Posted on December 17, 2012
Elder Sign: Omens
Anybody else stuck in their house, endlessly casting around for ways to keep themselves entertained? No? Just the guy with the recently repaired bit of tendon in his leg? Okay, well, I brought some painting stuff up to try to get that going, but it’s still too painful to sit in that posture for long periods of time, so I’ve been hitting video games pretty hard. After pretty much a full day of bouncing between XBox diversions and with my leg still throbbing too much to sit for long enough to paint minis, I checked out the Google Play store and found out about Elder Sign: Omens.
You might have already heard about the board game Elder Sign that Fantasy Flight made. That’s a really abstracted version of what typically goes on in Cthulhu investigation-type games, where players each get characters with unique statlines and a gimmick, then take turns approaching “mysteries” or “monsters” and roll dice to succeed or fail. Failure might mean a loss of hitpoints or sanity, a monster spawning, or the Great Old One you’re trying to imprison getting closer to eating the world. Success might earn a helpful piece of gear or pushing that Great Old One’s summoning back one more step. The object of the game is to work together to score more Elder Signs than the GOO can score Doom points. You might have seen Felicia Day playing it with Wil Wheaton if you watch that Youtube show where he plays games with people.
The Android version of the game pretty much just takes out all the other people from the equation and puts four investigators in the hands of one player. Beyond that, the rules don’t change much. You complete objectives to acquire Elder Signs or gadgets that will help you complete the tasks that’ll help you complete other objectives down the road. Over time you learn that even though the investigators don’t seem too different from each other (THEY’RE ALL WHITE PEOPLE), the tiny little variables can make some big differences, and there’s some use in teaming them up on objectives from time to time.
That image above is where most of the game play is. In this example the mission is The Hedge Maze, and it’s got two tasks in it. One needs two investigation points and a skull, the other needs two skulls. At the beginning of this investigator’s turn you get five green dice (glyphs in the Android version of the game) to satisfy one of those tasks. When you roll the 2 investigation and one skull you spend those dice, then you have three to get two skulls. You can gain inventory or spells to either add dice or keep results, but if you don’t get the glyphs you need to complete a task then you have to discard one glyph to roll again. If you can’t complete both tasks you fail the mission and lose hit points, sanity, or both.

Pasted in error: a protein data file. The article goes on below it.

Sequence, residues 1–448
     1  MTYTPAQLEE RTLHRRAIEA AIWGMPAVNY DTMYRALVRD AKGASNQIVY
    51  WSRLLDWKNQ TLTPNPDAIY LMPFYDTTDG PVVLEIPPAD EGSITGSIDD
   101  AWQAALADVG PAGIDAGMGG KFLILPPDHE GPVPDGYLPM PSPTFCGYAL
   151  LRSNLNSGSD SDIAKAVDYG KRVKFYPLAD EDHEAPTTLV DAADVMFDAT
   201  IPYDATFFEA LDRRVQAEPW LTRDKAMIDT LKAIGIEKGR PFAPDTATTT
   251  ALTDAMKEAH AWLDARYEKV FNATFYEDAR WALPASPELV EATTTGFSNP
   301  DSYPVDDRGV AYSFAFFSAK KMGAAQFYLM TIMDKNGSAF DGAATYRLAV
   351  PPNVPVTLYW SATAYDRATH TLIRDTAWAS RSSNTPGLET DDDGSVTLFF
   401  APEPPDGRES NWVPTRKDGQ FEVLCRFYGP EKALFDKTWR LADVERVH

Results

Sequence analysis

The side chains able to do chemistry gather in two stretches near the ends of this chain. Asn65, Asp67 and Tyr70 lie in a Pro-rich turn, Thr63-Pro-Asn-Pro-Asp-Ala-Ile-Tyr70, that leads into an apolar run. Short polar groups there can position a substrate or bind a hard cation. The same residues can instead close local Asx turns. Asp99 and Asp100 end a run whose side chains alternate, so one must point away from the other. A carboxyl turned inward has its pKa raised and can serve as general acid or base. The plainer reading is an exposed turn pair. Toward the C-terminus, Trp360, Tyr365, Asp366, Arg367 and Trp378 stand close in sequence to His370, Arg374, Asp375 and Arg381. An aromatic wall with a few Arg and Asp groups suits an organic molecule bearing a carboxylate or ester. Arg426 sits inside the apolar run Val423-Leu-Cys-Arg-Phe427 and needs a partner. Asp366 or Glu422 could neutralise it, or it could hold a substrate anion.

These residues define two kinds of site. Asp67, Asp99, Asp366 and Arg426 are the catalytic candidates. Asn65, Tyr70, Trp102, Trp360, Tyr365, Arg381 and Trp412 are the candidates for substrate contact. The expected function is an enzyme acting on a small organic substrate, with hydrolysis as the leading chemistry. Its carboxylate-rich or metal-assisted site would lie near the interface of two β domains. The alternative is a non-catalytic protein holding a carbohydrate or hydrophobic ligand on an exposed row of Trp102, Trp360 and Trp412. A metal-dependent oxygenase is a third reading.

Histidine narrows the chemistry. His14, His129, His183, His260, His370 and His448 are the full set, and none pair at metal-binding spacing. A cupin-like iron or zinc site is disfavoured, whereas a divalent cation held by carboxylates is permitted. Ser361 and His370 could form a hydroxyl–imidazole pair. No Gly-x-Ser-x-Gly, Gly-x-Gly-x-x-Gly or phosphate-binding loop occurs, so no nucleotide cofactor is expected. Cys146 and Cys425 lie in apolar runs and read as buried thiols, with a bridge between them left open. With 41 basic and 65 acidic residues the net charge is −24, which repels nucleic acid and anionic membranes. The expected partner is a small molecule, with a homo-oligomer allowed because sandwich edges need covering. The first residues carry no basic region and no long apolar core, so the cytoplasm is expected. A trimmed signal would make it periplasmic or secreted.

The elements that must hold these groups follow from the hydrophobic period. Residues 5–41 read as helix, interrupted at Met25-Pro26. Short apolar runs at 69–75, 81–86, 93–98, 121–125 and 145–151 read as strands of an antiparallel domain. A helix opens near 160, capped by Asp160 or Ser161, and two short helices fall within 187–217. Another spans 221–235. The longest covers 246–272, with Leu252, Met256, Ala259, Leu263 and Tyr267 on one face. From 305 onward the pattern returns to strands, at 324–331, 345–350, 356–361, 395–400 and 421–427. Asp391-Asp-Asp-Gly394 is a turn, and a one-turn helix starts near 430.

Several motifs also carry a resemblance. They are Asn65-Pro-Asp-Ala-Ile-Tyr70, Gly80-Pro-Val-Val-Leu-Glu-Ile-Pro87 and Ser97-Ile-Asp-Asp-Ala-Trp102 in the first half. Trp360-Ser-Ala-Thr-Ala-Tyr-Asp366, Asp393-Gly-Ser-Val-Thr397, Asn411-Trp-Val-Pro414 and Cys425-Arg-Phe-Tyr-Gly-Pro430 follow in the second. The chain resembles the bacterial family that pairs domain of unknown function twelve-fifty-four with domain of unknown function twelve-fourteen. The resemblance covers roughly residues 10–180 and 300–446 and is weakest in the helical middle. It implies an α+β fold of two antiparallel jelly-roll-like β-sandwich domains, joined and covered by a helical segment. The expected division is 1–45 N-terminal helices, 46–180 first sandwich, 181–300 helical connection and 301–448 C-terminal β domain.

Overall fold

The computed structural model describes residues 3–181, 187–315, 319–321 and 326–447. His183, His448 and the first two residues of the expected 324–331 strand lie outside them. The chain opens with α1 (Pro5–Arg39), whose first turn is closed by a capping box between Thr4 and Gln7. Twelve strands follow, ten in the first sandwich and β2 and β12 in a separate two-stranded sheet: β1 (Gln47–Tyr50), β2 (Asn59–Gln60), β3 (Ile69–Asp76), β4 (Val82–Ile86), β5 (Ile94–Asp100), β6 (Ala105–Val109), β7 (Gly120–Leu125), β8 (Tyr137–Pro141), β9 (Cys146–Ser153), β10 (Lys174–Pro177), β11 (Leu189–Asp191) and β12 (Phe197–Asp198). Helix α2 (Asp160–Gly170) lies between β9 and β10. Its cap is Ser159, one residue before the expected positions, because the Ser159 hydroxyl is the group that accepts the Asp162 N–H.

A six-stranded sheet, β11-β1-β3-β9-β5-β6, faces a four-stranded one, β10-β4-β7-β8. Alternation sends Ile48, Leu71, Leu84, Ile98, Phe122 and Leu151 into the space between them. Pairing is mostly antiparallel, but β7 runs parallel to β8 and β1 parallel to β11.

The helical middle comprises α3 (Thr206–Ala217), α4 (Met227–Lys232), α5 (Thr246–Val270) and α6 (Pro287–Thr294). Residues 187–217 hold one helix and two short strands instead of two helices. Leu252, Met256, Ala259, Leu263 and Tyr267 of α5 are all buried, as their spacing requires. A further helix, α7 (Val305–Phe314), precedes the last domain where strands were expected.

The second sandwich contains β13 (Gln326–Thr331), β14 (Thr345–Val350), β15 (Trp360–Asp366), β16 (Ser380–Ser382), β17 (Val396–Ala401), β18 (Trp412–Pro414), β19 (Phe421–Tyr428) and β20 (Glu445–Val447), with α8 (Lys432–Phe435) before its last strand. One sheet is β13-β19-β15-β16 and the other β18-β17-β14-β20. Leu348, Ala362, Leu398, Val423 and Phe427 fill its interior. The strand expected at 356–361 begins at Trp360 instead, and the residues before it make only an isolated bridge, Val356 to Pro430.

I don’t pay for games for my phone very often, and that’s usually because I just need stupid ones to give me buttons to press while I wait for a task bar to move or to get off hold on the phone. This game actually has some depth to it. Some investigators end up being better for more sanity-risking missions, others take lumps, still others can seemingly always have more dice to roll so you always feel like they have a remote chance of winning. While the map you use is always the same (basically just a pinboard to show you which missions are available), the challenge level and speed of play varies according to the GOO you’re fighting, which adds some challenge. There’s real variety in the investigators and the GOO, so there’s plenty here.
Completing a mission might get you an Elder Sign, gear, spells, or money to buy any of those three things (Elder Signs are outrageously expensive). The game ends when the investigators reach their goal of Elder Signs or when the Great Old One reaches their goal of Dooms which they get a set number per investigator round, so it’s effectively just a turn limit on the game. There’s lots that can happen from missions to effect those numbers, though, so I’ve been surprised how little it feels like I’m just grinding out a bunch of die rolls to get to one or the other conclusion. The inventory and mission management has a real effect on what your team can do, and you can build up teams suited to investigation or otherworldly missions. The challenge comes in not knowing what you’re going to get, and the fact that individual investigators can use their talents to complete missions, but using investigators together doesn’t allow them to combine talents, just resources. There’s lots of little strategies that develop and they’re fun to mess around with.
The game is $4 on Google Play, and I gambled on it thinking it was just going to be an advertisement for the board game. It’s really not. It plays pretty much as the board game would play without the difficulty of gathering everybody together and convincing us all something else will be as fun as Galaxy Truckers, and it’s a deeper experience than I expected. There’s motivation to play in unlocking new investigators and Great Old Ones to fight, and it’s the kind of thing you can pick up and put down a lot over the course of, say, the conference call I’m on as I write this. It actually makes me want to give the full board game a try, though, so it looks like you win again, Fantasy Flight!